Does light pose a risk to hard cider? Beer is bottled in amber bottles to prevent what is called light struck or skunky beer. This occurs when photosensitive iso-alpha acids form 3-methyl-2-butane-1-thiol (MBT). MBT has a skunk odor. If hard cider includes hops, it can form this fault as well when exposed to light. However, even traditional cider can be light-struck. The difference is that it has more impact on color and while aroma can be impacted, the odor fault is usually of boiled vegetables versus skunky. This is because for cider, like wine, one of the main compounds that are sensitive to light is riboflavin, also called vitamin B2. The fermentation process usually consumes most vitamins found in apple juice but some residual B vitamins can be found and B2 is one of those. Other compounds are also impacted by light exposure, including free SO2, phenolic compounds, and the Fe(III):Fe(II) ratio(1). The light accelerates the natural aging process found in wine. Another interesting aspect is that light is usually associated with heat, which also accelerates aging.
Amber bottles are the best way to minimize light struck conditions. They have been found to be more effective in reducing or delaying color and aroma changes when compared to green, blue, or clear bottles. However, the best solution is to avoid light. Kegs and the bag-in-a-box containers often found in England are great options that completely block light. Avoiding light is best because darker color containers, like amber bottles, absorb and retain more heat than clear containers. Avoiding sunlight which has UV light and heat is a good idea to reduce the potential negative influence that can be caused by photosensitivity and heat. The other component that is often needed to induce light struck conditions is oxygen. Most of these light struck reactions found in wine are oxidative. They need oxygen to occur. For wine, oxygen is often supplied through the cork or barrels used to store wine but it can also be added during processing or absorbed through plastic containers. This highlights another good reason to limit the exposure your cider has to oxygen.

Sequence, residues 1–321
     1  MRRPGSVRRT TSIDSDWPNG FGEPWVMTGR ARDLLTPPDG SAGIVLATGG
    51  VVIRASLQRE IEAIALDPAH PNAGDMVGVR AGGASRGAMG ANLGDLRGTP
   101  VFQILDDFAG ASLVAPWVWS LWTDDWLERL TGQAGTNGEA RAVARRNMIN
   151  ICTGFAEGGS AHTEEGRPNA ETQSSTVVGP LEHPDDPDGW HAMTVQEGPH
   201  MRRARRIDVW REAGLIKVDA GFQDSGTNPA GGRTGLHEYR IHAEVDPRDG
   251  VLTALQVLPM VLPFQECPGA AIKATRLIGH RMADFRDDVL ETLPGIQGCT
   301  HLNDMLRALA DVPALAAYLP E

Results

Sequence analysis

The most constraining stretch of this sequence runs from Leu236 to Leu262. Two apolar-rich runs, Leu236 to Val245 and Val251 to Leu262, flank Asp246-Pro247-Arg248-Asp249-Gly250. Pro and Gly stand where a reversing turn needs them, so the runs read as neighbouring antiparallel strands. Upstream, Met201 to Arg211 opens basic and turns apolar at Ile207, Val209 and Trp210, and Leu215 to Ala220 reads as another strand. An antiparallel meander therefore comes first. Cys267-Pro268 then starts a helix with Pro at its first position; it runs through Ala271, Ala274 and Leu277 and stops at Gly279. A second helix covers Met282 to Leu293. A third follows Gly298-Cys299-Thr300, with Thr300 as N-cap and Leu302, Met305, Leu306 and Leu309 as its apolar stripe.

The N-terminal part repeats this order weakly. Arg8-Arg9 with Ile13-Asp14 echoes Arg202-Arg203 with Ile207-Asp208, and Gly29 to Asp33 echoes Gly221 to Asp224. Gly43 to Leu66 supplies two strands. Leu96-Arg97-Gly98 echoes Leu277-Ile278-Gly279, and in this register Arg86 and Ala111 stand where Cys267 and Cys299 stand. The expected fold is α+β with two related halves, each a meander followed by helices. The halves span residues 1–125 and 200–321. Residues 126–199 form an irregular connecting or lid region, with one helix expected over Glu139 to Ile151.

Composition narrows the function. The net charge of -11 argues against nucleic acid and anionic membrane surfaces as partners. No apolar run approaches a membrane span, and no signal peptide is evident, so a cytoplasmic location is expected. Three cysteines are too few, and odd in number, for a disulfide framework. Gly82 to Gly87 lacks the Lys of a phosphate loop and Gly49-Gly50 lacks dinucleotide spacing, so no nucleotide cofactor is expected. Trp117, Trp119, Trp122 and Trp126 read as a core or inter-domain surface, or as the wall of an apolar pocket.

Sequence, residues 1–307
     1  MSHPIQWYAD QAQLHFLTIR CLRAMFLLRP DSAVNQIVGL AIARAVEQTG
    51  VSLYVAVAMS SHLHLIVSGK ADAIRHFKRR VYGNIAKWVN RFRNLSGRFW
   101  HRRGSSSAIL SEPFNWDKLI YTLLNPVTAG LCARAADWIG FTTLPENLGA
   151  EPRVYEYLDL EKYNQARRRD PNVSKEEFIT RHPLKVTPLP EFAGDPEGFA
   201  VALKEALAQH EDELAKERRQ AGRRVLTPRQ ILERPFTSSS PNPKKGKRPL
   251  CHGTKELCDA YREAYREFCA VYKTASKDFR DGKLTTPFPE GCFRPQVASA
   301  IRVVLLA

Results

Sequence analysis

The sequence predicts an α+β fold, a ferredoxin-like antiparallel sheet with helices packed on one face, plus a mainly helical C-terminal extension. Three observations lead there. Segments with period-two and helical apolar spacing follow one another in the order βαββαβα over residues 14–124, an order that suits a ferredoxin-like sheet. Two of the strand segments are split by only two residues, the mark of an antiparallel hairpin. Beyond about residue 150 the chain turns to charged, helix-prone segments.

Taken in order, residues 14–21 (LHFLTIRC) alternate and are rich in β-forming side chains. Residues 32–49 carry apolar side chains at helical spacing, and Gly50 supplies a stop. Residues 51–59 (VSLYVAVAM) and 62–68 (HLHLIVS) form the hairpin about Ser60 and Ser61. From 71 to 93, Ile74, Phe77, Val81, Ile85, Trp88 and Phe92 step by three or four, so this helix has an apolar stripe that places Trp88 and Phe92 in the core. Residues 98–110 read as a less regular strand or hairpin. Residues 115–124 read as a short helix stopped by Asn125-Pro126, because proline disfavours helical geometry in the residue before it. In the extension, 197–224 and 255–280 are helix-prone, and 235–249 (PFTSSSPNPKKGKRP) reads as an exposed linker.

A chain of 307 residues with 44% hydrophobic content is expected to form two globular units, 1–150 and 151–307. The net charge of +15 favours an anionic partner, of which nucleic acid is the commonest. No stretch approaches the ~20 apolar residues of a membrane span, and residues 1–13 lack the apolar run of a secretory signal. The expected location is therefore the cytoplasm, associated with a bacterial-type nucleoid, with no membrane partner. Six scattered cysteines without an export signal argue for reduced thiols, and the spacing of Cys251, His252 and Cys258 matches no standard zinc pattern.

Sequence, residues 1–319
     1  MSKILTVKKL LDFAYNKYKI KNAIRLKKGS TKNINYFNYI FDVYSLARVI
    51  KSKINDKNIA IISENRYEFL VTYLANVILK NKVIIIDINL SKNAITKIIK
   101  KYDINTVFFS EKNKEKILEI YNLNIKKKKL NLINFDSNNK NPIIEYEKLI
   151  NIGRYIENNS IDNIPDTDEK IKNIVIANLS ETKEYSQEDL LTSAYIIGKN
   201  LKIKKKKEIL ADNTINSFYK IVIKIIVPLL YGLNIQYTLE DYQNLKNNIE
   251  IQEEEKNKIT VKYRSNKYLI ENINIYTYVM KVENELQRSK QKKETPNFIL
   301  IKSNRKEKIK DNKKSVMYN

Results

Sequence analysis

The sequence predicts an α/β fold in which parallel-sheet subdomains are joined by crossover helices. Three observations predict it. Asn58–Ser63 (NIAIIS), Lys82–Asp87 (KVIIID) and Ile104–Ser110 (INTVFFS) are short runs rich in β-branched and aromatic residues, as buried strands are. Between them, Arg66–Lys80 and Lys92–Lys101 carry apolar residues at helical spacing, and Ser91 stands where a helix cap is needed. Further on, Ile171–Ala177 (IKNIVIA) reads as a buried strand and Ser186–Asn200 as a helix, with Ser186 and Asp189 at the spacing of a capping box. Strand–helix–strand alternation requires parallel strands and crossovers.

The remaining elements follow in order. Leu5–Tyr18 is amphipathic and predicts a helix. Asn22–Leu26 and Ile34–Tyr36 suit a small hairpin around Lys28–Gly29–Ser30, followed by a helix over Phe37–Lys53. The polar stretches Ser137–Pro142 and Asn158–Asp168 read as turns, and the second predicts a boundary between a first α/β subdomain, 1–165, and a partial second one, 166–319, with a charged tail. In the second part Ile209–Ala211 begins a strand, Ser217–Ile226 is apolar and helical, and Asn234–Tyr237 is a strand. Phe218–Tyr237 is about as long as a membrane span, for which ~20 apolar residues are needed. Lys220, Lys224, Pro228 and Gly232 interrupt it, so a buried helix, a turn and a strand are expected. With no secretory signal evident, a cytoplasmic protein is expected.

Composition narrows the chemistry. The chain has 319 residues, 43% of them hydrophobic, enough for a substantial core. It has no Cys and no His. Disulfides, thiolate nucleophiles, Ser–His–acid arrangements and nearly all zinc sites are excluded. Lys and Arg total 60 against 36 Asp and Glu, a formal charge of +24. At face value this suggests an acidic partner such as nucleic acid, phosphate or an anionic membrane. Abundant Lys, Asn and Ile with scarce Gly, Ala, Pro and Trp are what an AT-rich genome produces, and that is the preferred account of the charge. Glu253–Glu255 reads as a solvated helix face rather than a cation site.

So, traditional cider can suffer from being light struck but, the impact will often be a change in the color of the cider or some cooked vegetables aromas versus the skunk aroma found in beer.
(1) H. Lan and associates, Effects of light exposure on chemical and sensory properties of storing Meili Rose wine in colored bottles, Food Chemistry 345, 2021
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